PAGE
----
The church’s updated teaching describes capital punishment as “inadmissible” and an attack on the “dignity of the person.” Previously, the church allowed for the death penalty in very rare cases, only as a means of “defending human lives against the unjust aggressor.”
Francis has for years been a vocal critic of the death penalty, calling it an “inhuman measure.” The Argentine pontiff has pointed to the church’s stance on the death penalty as evidence of how the Vatican can evolve: The church for centuries permitted executions, but in 1997, John Paul II dramatically narrowed the standards for when the punishment was permissible.
Francis’s latest move places the issue toward the forefront of his own efforts to overhaul and modernize the Roman Catholic Church’s approach to social justice.
“There is no doubt the pope wants politicians to pay attention to this,” said John Gehring, the Catholic program director at Faith in Public Life, an advocacy group in Washington. “He is not just speaking internally. The pope wants to elevate this as a definitive pro-life issue.”
The full political significance of the new teaching stands to emerge slowly, as priests and bishops speak more clearly about the death penalty to planet’s 1.2 billion Catholics. But in part because the practice has already been abolished in most countries with large Catholic populations — including throughout the European Union and across nearly all of South America — the United States is among the places where the shift could have the greatest consequence.
Texas Gov. Greg Abbott, a Catholic, presides over the state that carries out the highest number of executions. Several states have recently opened new discussions about abolishing the punishment. And in New Hampshire, one of the most heavily Catholic states, Gov. Chris Sununu in June vetoed a legislature-backed repeal of the death penalty, saying he didn’t want to send a message that the worst criminals might be “guaranteed leniency.”
John Carr, the director of the Initiative on Catholic Social Thought and Public Life at Georgetown University, said the Vatican change could have a somewhat indirect effect. “I think what this does is get people to reexamine their own attitudes and convictions,” Carr said. “The death penalty in the United States probably will not come to an end through an act of Congress or a Supreme Court decision. It will essentially fade away as prosecutors don’t ask for it, juries don’t recommend it, and the rest of us don’t support it.”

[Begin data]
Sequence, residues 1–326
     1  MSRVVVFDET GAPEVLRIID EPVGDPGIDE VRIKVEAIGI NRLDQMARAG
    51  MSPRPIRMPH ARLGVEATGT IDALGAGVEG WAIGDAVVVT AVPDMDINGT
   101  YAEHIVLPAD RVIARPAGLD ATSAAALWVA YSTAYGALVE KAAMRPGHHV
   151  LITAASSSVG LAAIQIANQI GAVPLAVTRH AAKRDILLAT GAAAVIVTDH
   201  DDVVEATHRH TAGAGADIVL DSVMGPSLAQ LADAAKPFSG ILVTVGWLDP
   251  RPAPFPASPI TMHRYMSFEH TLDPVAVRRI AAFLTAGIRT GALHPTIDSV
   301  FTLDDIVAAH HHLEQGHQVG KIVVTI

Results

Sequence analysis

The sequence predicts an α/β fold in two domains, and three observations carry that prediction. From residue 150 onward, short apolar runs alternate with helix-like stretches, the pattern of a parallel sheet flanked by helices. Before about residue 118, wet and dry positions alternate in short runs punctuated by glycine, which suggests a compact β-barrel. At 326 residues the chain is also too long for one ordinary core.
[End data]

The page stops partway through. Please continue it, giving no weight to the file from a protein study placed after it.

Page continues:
According to the Pew Research Center, public support for the death penalty in the United States has ticked up slightly since hitting a four-decade low in 2016, with 54 percent now approving of the punishment for those convicted of murder. The attitudes of Catholics mirror those of the nation, with 53 percent favoring the death penalty.
“We’re not at the point where the church will deny communion to somebody who votes to uphold the death penalty,” said Robert Dunham, executive director of the Death Penalty Information Center, a clearinghouse for data on the issue. “But I think it is getting harder and harder for the pro-death penalty Catholic legislators to reconcile their religious beliefs with their political beliefs.”
The decision to change the catechism was approved in May but not announced until Thursday.
Some traditionalist Catholics reacted with anger on social media, saying that Francis was trying to rewrite the church’s teaching to meet his personal views.
“I think a lot of the pro-life people will feel that [Pope Francis] has undercut us,” said Bill Donohue, who calls himself a social conservative and is president of the New York-based Catholic League. “Why the need for the change? I see nothing in the comments coming from the Vatican that explains why something broke. This will only add to the confusion in the laity.”
Others noted that the Catholic Church has long played a role advocating against the death penalty. In the United States, bishops have frequently petitioned for stays of execution. In 2001, Pope John Paul II even urged President George W. Bush to spare the life of Timothy McVeigh, whose Oklahoma City bombing killed 168 people.
More recently, in the predominantly-Catholic Philippines, the church has been at the center of a fight to prevent President Rodrigo Duterte from reinstituting the death penalty.
The pope had said last year that the death penalty is “contrary to the Gospel,” noting that the faith emphasized the dignity of life from conception until death. Speaking before Congress in 2015, Francis said he was advocating for the “global abolition of the death penalty,” that “society can only benefit from the rehabilitation of those convicted of crimes.”
In a letter released Thursday that had been sent to bishops from the Vatican’s doctrine office, Cardinal Luis Ladaria noted the church’s stance on the death penalty stemmed from a “new understanding” of modern punishment, which should aim to rehabilitate and socially reintegrate those who have committed crimes.
“Given that modern society possesses more efficient detention systems,” Ladaria wrote, “the death penalty becomes unnecessary as protection for the life of innocent people.”
Ladaria said the church’s new teaching aims to “give energy” to a movement that would “allow for the elimination of the death penalty where it is still in effect.”